What Did That Error Message Mean?
Word 2007 Resources
A list of books that will help you get up to speed with Microsoft Word 2007.
A comprehensive suite of free video tutorials created by Microsoft.
Break A Leg
There is more to inserting breaks than meets the eye. The following gives a brief description of the different types of break available to the discerning Word 2007 user:
- Page Break
A page break will force everything after the break onto a new page. In effect it marks the point at which one page ends and the next page begins.
- Column Break
A column break will force everything after the break into the next column.
- Text Wrapping Break
Specifically for web pages and blog entries, a text wrapping break separates text around objects, such as caption text from body text.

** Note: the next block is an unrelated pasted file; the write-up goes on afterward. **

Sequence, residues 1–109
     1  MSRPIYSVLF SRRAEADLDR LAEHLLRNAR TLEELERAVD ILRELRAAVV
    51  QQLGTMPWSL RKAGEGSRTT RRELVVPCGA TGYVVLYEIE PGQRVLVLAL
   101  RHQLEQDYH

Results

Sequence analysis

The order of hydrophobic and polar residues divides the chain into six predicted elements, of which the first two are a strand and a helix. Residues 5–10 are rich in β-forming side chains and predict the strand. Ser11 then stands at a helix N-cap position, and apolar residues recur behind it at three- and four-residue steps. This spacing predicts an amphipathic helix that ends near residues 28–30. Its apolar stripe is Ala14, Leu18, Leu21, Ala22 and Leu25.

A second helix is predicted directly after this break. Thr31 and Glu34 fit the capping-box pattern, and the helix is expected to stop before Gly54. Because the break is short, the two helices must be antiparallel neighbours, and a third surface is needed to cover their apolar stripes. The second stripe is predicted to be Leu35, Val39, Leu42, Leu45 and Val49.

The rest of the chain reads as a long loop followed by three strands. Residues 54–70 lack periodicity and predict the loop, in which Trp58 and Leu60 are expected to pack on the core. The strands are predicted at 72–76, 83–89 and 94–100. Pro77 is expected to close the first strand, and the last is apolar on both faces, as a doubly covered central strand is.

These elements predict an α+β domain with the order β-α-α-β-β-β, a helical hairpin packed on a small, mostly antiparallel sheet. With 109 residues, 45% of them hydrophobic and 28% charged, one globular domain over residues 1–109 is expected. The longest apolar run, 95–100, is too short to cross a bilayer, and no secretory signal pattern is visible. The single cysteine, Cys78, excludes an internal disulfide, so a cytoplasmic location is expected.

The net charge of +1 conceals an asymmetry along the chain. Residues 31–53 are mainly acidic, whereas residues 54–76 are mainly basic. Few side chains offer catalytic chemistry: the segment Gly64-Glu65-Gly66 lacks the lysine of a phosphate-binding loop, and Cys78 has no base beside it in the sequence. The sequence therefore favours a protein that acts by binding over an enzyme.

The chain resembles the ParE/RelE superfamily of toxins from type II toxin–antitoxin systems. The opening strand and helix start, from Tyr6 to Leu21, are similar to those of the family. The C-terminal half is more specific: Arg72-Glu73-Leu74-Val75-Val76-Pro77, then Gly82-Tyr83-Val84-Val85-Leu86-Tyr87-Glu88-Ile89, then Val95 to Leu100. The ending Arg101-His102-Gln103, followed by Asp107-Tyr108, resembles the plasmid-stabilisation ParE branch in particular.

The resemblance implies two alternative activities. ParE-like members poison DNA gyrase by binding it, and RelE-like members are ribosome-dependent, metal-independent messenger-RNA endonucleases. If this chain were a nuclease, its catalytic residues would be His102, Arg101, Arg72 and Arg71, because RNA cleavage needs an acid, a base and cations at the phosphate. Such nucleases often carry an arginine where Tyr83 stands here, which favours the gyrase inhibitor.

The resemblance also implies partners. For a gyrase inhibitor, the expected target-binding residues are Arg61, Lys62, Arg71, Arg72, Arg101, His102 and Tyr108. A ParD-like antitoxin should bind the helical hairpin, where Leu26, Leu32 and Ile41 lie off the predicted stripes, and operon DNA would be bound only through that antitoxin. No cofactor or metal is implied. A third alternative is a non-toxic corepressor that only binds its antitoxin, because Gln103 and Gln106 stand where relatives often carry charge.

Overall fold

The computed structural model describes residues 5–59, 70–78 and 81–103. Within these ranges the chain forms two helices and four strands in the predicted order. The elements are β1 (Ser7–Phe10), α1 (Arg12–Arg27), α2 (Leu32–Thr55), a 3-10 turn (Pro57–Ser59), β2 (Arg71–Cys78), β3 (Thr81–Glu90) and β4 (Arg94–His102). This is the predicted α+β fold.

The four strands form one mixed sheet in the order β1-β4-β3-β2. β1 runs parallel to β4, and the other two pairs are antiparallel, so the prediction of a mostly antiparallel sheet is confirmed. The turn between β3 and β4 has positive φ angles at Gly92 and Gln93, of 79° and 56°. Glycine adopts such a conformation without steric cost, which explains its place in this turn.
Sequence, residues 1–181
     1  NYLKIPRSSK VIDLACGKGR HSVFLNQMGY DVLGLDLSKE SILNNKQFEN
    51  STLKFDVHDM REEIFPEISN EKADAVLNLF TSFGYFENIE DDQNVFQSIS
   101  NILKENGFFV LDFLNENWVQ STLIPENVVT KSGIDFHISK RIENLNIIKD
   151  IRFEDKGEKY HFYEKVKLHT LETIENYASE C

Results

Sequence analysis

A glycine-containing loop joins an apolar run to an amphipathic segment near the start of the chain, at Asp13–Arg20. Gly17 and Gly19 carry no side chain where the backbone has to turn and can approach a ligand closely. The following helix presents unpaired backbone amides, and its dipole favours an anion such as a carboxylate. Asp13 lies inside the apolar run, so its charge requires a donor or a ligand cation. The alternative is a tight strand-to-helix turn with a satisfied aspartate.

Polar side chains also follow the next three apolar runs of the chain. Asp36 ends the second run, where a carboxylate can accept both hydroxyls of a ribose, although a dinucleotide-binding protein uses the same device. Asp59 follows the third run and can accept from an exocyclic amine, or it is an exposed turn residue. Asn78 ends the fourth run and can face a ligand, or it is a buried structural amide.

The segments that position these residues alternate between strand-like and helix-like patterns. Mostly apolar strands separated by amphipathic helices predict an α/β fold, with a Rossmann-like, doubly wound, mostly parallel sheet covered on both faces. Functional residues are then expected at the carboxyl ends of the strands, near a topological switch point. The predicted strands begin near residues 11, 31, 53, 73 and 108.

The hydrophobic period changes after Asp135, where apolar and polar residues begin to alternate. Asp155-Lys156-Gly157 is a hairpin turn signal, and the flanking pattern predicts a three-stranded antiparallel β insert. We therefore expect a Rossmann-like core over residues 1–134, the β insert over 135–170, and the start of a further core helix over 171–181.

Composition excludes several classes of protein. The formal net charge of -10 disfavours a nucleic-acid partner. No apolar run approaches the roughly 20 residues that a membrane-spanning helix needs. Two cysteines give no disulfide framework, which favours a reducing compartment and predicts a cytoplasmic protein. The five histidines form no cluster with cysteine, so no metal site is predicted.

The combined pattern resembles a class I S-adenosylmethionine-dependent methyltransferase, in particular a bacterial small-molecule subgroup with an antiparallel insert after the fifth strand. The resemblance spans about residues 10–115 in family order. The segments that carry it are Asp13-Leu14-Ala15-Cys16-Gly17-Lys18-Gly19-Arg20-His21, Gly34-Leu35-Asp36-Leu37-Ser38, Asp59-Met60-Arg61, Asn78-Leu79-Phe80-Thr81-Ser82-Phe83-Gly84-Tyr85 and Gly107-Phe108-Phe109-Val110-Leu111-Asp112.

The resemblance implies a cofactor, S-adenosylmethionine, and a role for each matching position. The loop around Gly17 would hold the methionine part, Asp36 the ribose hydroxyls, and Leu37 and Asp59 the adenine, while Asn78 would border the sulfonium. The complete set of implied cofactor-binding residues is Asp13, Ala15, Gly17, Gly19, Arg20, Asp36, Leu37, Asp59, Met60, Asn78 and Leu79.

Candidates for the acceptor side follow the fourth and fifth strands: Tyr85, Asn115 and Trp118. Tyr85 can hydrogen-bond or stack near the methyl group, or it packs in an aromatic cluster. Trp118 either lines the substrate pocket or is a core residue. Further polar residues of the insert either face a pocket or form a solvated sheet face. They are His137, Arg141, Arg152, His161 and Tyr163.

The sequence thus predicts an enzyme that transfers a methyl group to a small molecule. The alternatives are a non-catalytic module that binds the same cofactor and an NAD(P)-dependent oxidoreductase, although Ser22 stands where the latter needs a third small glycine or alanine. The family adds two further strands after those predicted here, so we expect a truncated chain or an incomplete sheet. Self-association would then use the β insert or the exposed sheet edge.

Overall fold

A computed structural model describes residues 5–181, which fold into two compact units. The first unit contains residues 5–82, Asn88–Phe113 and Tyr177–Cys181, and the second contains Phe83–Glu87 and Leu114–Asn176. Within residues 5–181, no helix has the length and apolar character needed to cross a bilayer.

- Next Page Section Break
A next page section break firstly marks a section break in the document, and then starts a new page, just like a Page Break.
- Continuous Page Section Break
This is the same as the Next Page Section Break, except it does not start a new page.
- Even Page Section Break
An even page break is just like a Next Page Section Break, except that it will start a new section on the next even-numbered page.
- Odd Page Section Break
Similar to the Next Page Section Break and Even Page Section Break, except that it will start a new section on the next odd numbered page.
There may actually be times that you need Odd and Even Page Section Breaks, too. For instance if you were creating documents that were going to be bound together (e.g. a booklet) you would use the odd and even page breaks to print the next section on the right hand and left hand page respectively. Or, you may be using some crazy convention where all your organisational charts are displayed on the right hand page.